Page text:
Festivals Music and dance also played a prominent role in the lives of the slaves. Guatemala Map Tourist Attractions The sounds they created were again a blend of cultures, using African instruments such as the drum and kalimba alongside European instruments like the banjo, gourd, and fiddle. Satirical songs and dances, whose lyrics and structure mocked the pretensions of white society, were especially popular.
Festivals also were celebrated. In North Carolina, the Christmas holidays were recognized with a celebration known as John Canno. During the festivals of Election Day in New England and Pinkster Day in New York State and New Jersey, slaves put on their best clothes, sang and danced through the streets, and elected black governors. Those elected became leaders within the slave community for the following year, settling minor disputes between slaves, and sometimes even imposing punishments, although only in cases where no whites or free blacks were involved.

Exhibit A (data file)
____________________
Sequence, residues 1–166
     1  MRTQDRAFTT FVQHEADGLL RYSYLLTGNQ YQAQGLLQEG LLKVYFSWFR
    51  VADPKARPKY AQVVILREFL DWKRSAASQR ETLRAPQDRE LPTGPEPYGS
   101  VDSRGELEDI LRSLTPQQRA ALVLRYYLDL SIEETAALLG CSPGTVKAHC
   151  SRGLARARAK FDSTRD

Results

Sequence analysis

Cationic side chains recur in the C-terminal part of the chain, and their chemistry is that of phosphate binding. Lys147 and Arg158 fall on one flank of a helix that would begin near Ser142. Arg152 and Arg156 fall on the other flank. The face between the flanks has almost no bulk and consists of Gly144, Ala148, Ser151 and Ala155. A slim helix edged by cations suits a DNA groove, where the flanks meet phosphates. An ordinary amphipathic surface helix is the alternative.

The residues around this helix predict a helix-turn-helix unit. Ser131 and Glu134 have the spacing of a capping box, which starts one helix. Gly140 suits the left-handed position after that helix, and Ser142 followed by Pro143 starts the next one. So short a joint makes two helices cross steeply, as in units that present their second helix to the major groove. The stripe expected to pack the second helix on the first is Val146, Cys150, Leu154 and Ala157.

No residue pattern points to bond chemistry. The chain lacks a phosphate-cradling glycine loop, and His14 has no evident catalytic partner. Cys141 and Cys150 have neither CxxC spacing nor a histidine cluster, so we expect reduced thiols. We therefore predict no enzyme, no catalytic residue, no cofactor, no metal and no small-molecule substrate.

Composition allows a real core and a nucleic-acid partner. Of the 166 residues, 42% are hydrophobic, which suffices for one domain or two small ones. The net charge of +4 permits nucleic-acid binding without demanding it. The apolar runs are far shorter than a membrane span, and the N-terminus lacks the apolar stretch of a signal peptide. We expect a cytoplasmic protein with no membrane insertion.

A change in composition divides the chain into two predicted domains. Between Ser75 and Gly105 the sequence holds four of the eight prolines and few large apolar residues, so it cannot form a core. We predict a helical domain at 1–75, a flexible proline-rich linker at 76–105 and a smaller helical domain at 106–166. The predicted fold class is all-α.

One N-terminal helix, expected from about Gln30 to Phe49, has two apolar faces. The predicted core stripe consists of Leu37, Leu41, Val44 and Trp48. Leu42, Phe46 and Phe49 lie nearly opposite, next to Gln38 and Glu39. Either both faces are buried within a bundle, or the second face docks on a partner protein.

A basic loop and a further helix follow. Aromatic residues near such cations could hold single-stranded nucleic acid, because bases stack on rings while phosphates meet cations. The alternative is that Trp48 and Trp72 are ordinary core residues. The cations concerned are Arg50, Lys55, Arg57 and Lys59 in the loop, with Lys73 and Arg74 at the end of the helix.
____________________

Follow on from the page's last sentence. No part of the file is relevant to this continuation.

Whites tolerated or even encouraged these festivals, seeing them as a useful way to release tension in an oppressed, politically weak group. Although many black governors were owned by powerful whites, their authority was not simply a by-product of the master’s influence. These men carried real influence in the slave community by virtue of their intelligence, physical strength, or even the status that they had once held in Africa. Election Day and Pinkster Day were thus one of the slaves’ best opportunities to enjoy cultural independence and a small measure of power.
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